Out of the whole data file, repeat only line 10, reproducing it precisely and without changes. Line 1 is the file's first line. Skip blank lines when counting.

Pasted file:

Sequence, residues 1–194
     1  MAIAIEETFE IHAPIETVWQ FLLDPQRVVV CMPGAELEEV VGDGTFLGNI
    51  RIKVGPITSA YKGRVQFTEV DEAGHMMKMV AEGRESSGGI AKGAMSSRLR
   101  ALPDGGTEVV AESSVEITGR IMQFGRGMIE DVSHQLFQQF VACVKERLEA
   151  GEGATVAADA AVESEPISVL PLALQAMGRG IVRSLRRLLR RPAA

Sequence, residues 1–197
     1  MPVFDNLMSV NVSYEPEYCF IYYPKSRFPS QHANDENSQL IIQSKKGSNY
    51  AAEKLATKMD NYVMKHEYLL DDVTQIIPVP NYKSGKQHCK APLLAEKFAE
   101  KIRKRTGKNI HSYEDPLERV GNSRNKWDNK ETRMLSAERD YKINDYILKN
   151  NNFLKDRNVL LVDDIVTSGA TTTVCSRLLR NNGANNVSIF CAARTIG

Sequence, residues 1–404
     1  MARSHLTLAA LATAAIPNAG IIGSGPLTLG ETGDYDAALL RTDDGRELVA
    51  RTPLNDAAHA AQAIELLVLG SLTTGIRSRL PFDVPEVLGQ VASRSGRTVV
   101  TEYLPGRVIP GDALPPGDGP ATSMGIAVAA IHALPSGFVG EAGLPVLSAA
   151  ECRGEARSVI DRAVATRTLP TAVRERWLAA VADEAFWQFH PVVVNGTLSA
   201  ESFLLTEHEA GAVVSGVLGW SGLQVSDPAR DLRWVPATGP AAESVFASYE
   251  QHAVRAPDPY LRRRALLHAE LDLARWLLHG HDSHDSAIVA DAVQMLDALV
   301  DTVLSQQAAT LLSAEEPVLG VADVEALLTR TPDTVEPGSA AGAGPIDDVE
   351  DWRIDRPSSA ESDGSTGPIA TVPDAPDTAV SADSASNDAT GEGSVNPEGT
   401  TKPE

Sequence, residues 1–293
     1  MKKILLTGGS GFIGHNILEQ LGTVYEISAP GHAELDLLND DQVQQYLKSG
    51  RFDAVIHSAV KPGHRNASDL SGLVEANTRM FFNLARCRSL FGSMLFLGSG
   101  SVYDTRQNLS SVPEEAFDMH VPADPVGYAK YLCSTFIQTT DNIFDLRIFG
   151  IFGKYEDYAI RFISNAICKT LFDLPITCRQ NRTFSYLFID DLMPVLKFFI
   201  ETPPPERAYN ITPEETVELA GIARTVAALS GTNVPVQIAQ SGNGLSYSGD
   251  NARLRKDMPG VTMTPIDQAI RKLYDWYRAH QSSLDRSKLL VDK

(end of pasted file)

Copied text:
   151  NNFLKDRNVL LVDDIVTSGA TTTVCSRLLR NNGANNVSIF CAARTIG